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In the late 1770s the pottery firm Wedgwood & Bentley produced several jasper stoneware portrait medallions depicting scientists and collectors connected with Cook's Pacific voyages.
Potter Josiah Wedgwood decided there was a market for cameo portraits of famous people — or 'illustrious moderns' as he called them. The celebrity status of the scientists who sailed to the Pacific made them ideal subjects for Wedgwood. Well-to-do collectors stored their medallions in display drawers, set them into furniture or hung them on the walls of stately homes.
Right: This engraving shows the English potter and industrialist Josiah Wedgwood (1730–95). Courtesy: The Print Collector.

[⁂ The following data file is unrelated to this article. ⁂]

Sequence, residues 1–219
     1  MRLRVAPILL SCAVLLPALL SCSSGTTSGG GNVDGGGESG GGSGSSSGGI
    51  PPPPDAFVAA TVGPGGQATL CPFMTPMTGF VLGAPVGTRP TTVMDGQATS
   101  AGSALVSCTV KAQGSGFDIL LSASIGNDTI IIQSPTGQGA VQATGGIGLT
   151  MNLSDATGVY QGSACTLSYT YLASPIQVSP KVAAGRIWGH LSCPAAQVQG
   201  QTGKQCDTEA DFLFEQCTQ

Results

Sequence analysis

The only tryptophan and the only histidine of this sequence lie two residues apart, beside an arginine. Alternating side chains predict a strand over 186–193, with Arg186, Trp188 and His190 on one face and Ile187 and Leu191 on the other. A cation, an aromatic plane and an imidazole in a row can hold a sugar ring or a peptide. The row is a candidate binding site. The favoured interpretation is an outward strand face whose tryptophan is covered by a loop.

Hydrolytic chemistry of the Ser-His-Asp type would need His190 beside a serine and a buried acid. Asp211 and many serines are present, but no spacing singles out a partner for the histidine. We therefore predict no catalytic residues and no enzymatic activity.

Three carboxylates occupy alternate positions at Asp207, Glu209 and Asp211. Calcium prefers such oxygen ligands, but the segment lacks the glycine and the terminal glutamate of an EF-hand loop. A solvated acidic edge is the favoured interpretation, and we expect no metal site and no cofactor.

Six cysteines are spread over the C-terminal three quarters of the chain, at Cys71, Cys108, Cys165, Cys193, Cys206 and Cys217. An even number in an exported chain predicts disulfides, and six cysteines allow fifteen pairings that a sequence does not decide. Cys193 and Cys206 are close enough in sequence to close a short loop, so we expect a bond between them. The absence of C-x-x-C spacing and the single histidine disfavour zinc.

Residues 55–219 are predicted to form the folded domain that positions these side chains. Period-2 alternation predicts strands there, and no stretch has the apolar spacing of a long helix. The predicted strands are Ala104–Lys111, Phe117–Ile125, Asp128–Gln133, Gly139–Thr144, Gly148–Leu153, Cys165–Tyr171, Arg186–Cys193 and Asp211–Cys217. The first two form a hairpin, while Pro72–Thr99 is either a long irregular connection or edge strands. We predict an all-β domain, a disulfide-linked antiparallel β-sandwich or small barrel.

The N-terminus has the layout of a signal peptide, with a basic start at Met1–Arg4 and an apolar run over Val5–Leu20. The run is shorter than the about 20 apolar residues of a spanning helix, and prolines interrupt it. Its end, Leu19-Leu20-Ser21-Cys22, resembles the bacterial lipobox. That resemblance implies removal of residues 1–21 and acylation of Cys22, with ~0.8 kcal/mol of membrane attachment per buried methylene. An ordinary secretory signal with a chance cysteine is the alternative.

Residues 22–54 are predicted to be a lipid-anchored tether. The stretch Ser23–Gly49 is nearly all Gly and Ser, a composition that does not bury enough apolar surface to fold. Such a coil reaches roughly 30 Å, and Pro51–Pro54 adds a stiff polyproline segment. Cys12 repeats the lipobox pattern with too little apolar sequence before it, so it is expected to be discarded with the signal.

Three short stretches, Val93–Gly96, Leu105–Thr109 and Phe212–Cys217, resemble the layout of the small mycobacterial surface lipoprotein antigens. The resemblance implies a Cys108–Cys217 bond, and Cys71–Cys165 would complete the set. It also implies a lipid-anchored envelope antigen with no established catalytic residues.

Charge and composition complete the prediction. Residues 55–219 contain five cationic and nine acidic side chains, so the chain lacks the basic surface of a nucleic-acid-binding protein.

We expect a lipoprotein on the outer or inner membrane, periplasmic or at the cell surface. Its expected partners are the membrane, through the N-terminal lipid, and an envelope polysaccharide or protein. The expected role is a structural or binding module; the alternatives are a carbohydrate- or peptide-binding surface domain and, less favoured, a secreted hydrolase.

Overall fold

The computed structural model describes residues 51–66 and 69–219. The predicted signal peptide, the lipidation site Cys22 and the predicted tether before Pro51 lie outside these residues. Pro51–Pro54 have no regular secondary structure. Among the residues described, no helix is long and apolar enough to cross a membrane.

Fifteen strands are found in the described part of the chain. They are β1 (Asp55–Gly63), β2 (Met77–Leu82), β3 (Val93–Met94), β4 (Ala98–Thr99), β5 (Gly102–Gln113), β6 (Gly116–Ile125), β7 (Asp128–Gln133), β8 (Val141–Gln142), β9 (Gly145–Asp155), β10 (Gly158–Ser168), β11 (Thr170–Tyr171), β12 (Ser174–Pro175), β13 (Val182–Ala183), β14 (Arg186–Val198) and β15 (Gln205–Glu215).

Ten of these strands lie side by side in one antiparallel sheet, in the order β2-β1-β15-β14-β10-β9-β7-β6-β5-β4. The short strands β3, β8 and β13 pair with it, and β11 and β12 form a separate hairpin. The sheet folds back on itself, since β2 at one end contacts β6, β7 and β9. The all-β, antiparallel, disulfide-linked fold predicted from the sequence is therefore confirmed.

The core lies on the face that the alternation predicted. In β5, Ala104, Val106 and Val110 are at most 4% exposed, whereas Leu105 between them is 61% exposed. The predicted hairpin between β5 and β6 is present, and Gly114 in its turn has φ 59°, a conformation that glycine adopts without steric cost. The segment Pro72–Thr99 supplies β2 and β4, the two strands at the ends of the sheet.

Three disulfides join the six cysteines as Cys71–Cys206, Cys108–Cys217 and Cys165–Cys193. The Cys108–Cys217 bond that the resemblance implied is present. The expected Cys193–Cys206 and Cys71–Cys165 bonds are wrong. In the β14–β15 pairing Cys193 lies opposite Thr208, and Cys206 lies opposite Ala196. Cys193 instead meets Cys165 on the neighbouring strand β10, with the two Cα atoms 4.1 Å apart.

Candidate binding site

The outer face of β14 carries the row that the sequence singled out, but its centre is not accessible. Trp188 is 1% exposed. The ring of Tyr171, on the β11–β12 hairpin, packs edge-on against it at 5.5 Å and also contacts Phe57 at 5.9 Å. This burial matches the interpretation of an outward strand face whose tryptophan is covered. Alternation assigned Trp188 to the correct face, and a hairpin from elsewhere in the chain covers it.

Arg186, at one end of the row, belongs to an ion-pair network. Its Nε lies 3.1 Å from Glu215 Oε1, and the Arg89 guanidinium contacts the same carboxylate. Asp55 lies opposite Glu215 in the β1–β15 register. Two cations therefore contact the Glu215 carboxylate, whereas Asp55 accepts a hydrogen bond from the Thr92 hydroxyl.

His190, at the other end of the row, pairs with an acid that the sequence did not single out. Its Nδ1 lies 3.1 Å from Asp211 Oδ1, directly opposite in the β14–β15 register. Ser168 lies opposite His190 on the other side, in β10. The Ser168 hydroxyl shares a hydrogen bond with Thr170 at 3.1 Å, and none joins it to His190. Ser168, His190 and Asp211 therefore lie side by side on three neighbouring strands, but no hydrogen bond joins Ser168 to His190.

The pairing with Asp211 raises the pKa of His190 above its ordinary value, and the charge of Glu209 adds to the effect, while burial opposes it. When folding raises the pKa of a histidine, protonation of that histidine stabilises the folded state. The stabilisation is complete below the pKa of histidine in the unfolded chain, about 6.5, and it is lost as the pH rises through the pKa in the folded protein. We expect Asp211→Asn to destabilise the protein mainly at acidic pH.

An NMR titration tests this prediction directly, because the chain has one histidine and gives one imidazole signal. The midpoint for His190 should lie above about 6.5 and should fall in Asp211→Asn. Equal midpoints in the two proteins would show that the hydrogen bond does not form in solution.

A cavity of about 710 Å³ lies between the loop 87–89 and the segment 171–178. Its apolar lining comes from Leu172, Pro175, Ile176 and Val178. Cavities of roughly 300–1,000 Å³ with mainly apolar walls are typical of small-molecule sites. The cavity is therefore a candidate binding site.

In 1775, following the first voyage, Wedgwood chose to portray the Endeavour's botanists Joseph Banks and Daniel Solander.
Collector Johann Reinhold Forster's portrait appeared in 1776, within a year of his return from the second voyage.
James Cook's portrait came in 1777, after he was recognised by the Royal Society.
Left: Wedgwood's medallions were based on Greek and Roman cameos like this one from 165 AD. Courtesy: Louvre, Paris, France, Peter Willi/The Bridgeman Art Library.